It was a very boring drive from north Joplin to the trail, but it was a nice change to be on a trail that isn't interrupted by suburbia and crowded with people. It was a beautiful Saturday afternoon and we were the only people on the trail. The landscape was a little lacking, but it was my first time hiking through a prairie so, again, a big change. My husband thought it was "desolate" and "boring" because it is a loop trail through some pretty unentertaining terrain. I like getting away from the city, so the only thing that was a huge downer for me were the stretches of mud and ankle-deep water in some spots. I was not prepared for that. I probably won't do this trail again since I'm sure there are others close to the same distance that will be as enjoyable.

Wednesday, May 11, 2016

stay on the blazes. I tried a short cut. fail. this was a good eventful hike. ran across a dying buffalo and marked the spot on my phone to report to the rangers. the gate way between fields was a buffalo wallow and made for a difficult muddy (over the knee deep) crossing.

hiking
Sunday, March 06, 2016

Be ready for bison. Got stuck between two herds and could not cross the path safely for a while, but that really is not common. Over all a good trail, flat with few creek crossings and watch for bison dong. But maps describing the trails are confusing.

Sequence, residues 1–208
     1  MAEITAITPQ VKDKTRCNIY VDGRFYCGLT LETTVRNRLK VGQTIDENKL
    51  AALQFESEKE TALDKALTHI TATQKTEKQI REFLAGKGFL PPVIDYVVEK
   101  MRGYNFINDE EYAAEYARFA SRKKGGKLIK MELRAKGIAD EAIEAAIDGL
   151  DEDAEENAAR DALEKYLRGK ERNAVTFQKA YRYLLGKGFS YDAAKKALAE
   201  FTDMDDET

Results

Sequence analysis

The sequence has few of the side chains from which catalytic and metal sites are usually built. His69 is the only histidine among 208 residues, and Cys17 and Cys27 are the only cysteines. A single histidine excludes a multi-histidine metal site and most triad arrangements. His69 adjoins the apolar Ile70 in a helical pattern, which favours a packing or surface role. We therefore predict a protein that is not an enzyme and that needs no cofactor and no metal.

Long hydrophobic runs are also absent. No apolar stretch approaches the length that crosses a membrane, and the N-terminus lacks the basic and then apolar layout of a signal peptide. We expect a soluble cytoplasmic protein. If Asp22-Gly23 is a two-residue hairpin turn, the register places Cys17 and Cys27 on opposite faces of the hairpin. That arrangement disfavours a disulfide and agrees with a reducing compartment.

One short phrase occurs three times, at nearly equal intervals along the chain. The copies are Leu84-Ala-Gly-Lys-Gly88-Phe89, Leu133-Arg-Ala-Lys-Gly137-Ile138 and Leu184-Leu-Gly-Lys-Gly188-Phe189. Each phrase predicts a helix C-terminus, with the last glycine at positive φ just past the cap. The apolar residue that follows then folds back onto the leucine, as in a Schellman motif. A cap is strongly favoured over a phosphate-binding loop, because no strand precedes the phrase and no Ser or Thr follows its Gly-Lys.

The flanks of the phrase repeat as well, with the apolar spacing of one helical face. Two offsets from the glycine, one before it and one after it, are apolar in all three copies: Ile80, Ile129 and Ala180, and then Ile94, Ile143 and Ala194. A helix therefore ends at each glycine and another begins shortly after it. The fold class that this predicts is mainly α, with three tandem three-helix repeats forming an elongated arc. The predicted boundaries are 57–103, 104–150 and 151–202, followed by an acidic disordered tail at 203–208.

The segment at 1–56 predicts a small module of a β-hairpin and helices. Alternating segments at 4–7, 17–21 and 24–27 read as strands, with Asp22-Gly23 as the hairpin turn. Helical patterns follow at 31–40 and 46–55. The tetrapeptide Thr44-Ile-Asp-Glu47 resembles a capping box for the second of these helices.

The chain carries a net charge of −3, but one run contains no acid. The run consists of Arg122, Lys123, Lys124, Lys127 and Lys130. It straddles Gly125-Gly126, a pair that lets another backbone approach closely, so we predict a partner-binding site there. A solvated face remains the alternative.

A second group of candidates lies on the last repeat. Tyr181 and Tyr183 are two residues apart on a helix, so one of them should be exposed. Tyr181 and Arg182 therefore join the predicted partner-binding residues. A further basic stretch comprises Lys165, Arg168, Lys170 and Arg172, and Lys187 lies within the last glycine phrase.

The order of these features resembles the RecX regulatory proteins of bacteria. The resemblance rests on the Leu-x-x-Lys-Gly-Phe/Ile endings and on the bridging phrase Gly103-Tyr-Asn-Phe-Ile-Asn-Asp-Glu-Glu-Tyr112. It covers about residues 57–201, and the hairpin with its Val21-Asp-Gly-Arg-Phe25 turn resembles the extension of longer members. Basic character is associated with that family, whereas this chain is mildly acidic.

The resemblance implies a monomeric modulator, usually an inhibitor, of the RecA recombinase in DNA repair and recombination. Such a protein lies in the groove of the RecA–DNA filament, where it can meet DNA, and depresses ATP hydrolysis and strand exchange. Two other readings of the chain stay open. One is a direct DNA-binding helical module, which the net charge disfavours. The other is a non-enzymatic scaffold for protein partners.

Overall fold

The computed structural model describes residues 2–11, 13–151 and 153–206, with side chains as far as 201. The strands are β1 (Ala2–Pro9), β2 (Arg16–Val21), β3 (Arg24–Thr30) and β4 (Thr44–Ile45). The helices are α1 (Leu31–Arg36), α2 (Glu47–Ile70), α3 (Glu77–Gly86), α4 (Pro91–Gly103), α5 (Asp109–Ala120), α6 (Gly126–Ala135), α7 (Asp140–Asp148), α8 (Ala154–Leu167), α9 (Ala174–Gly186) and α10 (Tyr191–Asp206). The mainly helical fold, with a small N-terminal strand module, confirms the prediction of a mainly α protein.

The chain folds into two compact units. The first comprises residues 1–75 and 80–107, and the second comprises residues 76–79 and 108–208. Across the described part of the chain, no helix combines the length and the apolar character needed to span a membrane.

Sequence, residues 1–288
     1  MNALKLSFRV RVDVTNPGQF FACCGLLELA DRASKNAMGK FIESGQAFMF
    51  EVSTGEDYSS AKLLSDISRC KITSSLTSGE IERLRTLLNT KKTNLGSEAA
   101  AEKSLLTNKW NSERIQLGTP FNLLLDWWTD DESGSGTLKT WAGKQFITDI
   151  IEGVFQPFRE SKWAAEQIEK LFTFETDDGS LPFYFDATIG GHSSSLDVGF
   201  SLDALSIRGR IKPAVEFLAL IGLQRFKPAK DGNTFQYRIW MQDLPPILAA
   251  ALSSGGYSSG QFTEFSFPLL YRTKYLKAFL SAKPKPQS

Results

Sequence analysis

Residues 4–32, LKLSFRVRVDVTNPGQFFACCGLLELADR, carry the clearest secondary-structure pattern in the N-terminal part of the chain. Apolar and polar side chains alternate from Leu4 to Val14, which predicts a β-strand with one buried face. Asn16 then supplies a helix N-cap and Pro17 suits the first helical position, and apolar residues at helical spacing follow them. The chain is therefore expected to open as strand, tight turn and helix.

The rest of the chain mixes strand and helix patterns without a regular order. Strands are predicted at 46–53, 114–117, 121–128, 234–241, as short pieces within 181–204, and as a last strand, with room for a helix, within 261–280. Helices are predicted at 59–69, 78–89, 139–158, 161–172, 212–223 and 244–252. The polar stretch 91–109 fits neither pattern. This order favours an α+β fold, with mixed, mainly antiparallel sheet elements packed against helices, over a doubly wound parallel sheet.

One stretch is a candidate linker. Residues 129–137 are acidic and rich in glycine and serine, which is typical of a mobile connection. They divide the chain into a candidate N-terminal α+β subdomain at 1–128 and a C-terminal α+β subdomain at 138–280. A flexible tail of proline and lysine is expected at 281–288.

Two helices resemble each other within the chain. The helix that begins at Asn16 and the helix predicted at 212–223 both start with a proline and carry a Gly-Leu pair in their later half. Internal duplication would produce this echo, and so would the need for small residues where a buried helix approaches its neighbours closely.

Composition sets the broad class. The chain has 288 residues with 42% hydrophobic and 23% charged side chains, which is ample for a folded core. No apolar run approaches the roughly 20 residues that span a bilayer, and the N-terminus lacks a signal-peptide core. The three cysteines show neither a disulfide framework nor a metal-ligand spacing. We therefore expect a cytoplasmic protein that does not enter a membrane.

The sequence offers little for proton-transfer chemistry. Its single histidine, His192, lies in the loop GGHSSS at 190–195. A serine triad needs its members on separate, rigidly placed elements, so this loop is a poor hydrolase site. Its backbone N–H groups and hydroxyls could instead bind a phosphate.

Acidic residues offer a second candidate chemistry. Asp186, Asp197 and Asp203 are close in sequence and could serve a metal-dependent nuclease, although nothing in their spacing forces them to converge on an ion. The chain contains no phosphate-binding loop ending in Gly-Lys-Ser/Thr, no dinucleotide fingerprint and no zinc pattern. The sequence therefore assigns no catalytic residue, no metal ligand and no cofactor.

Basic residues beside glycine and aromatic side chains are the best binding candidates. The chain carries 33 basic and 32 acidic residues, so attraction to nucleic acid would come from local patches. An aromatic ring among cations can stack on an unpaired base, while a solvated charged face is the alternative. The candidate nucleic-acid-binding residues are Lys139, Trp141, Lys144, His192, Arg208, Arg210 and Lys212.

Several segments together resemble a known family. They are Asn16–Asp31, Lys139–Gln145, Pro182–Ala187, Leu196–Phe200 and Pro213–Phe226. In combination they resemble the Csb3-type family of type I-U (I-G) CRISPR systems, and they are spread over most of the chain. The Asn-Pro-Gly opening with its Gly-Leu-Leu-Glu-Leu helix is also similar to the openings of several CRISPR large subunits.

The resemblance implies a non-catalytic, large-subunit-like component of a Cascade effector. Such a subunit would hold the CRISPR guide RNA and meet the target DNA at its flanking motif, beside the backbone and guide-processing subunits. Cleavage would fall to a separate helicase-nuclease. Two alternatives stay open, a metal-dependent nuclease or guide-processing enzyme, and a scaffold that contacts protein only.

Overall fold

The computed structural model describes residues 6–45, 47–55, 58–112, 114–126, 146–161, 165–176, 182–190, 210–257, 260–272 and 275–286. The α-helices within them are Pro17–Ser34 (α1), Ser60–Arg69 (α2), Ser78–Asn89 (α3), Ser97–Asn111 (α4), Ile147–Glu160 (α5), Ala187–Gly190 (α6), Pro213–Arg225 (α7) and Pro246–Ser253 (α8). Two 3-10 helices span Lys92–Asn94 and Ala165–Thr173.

camping
Monday, October 12, 2015

When you wake up on the small rise in a circle of twitchy prairie grass, you feel like you're the first person-- or maybe the last-- to see the sunrise. This is one of my favorite spots in SWMO. Stop by the visitor's center and check with the ranger to make sure you're out of the way of the bison before you set out. The trail is only a mile, but the view from the backpacking campsite is the best for miles. No roads, no soybean fields, no towns, no people, no street lights. A good place to get away for just a night.

walking
Monday, October 12, 2015

This trail is actually situated in the Lester R. Davis Memorial Forest right across the road from Prairie State Park. Mr. Davis planted the area, which had been devastated by strip mining, with plants, trees and shrubs from all over the place. As a result, forest is now densely forested with very non-native species. I'm not used to seeing tall pines in Missouri! The MDC has done some recent work in the area attempting to prevent strip pits from eroding the road. Last time I was here, I found some pieces of coal uncovered by the bulldozers. The forest still bears the scars of strip mining, and no amount of planting will ease the deep furrows between long piles of mining waste, but it's encouraging to know that Davis seized an opportunity to make a difference in SWMO.

hiking
Sunday, November 27, 2011

Prairie trails are a special hiking experience. personally I preffer winter or spring for best scenery. Anything but boring as most suppose for the spacious panorama's, for theever changing scenery and for the wildlife